All discussions on the Sole Designator Model seem predicated on the unflinching certainty of ICANN’s jurisdiction continuing to remain in California, as the legal basis of that model is drawn from Californian corporate law.  To quote the draft report itself, in Annexe 12, it is stated that:

"Jurisdiction directly influences the way ICANN’s accountability processes are structured and operationalized. The fact that ICANN today operates under the legislation of the U.S. state of California grants the corporation certain rights and implies the existence of certain accountability mechanisms. It also imposes some limits with respect to the accountability mechanisms it can adopt. The topic of jurisdiction is, as a consequence, very relevant for the CCWG-Accountability. ICANN is a public benefit corporation incorporated in California and subject to California state laws, applicable U.S. federal laws and both state and federal court jurisdiction."

Jurisdiction has been placed within the mandate of WS2, to be dealt with post the transition.  However, there is no analysis in the 3rd Draft on how the Sole Designator Model would continue to be upheld if future Work Stream 2 discussions led to a consensus that there needed to be a shift in the jurisdiction of ICANN. In the event that ICANN shifts to, say, Delaware or Geneva, would there be a basis to the Sole Designator Model in the law?  Therefore this is an issue that needs to be addressed before this model is adopted, else there is a risk of either this model being rendered infructuous in the future, or this model foreclosing open debate and discussion in Work Stream 2.

Right of Inspection

We strongly support the incorporation of the rights of Inspection under this model as per Section 6333 of the California Corporations Code as a fundamental bylaw. As there is a severe gap between the claims that ICANN raises about its own transparency and the actual amount of transparency that it upholds, we opine that the right of inspection needs to be provided to each member of the ICANN community.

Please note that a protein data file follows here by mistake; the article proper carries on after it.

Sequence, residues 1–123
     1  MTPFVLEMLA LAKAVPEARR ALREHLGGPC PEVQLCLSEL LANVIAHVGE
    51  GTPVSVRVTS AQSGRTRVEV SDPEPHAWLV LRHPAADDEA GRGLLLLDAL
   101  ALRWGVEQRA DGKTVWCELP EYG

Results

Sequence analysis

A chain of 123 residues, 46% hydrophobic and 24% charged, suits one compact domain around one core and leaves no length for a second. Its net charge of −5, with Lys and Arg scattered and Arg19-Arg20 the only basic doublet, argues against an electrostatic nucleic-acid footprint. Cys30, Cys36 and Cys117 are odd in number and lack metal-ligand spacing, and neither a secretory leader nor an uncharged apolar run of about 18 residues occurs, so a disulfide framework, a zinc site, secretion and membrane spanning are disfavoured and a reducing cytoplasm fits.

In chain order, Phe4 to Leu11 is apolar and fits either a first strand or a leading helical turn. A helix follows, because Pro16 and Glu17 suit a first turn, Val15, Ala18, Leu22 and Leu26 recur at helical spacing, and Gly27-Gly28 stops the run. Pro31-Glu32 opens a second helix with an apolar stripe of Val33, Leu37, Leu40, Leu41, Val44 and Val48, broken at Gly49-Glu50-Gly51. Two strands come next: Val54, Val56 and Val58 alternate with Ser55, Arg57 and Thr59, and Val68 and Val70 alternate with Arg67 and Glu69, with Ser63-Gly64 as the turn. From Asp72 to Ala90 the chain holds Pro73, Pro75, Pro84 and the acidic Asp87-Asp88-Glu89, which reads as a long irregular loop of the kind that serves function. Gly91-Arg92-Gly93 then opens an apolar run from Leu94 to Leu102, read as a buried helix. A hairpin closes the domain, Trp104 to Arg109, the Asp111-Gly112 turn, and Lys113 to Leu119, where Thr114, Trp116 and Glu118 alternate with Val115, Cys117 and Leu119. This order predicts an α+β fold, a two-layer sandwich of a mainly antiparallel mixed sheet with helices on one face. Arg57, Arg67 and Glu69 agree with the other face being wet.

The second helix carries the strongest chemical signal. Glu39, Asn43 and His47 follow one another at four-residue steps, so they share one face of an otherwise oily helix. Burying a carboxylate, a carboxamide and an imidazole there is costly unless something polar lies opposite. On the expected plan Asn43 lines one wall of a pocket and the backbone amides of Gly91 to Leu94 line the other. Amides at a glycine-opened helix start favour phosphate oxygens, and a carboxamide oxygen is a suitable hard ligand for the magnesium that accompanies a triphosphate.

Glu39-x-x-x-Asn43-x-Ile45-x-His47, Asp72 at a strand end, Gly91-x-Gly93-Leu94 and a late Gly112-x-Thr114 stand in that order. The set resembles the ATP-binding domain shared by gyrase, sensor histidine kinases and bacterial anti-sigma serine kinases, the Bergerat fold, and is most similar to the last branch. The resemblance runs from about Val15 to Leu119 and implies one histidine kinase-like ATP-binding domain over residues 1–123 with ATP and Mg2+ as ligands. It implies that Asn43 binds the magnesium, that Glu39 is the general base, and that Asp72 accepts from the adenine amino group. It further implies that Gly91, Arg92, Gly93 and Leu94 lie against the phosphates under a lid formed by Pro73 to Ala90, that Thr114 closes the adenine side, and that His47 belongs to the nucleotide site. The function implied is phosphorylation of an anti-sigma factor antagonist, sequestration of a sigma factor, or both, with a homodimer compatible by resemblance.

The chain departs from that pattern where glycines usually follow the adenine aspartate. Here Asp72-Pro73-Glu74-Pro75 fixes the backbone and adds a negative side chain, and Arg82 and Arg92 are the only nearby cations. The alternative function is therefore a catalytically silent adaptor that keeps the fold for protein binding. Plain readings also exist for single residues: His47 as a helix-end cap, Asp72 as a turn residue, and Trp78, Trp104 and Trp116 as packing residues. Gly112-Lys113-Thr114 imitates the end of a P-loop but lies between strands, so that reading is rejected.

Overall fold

Timeline for WS2 Reforms

We support the CCWG’s commitment to the review of the DIDP Process, which they have committed to enhancing in WS2. Our research on this matter indicates that ICANN has in practice been able to deflect most requests for information. It regularly utilised its internal processes and discussions with stakeholders clauses, as well as clauses on protecting financial interests of third parties (over 50% of the total non-disclosure clauses ever invoked - see chart below) to do away with having to provide information on pertinent matters such as its compliance audits and reports of abuse to registrars. We believe that even if ICANN is a private entity legally, and not at the same level as a state, it nonetheless plays the role of regulating an enormous public good, namely the Internet. Therefore, there is a great onus on ICANN to be far more open about the information that they provide. Finally, it is extremely disturbing that they have extended full disclosure to only 12% of the requests that they receive. An astonishing 88% of the requests have been denied, partly or otherwise. See "Peering behind the veil of ICANN's DIDP (II)".

In the present format, there has been little analysis on the timeline of WS2; the report itself merely states that:

"The CCWG-Accountability expects to begin refining the scope of Work Stream 2 during the upcoming ICANN 55 Meeting in March 2016. It is intended that Work Stream 2 will be completed by the end of 2016."

Without further clarity and specification of the WS2 timeline, meaningful reform cannot be initiated. Therefore we urge the CCWG to come up with a clear timeline for transparency processes.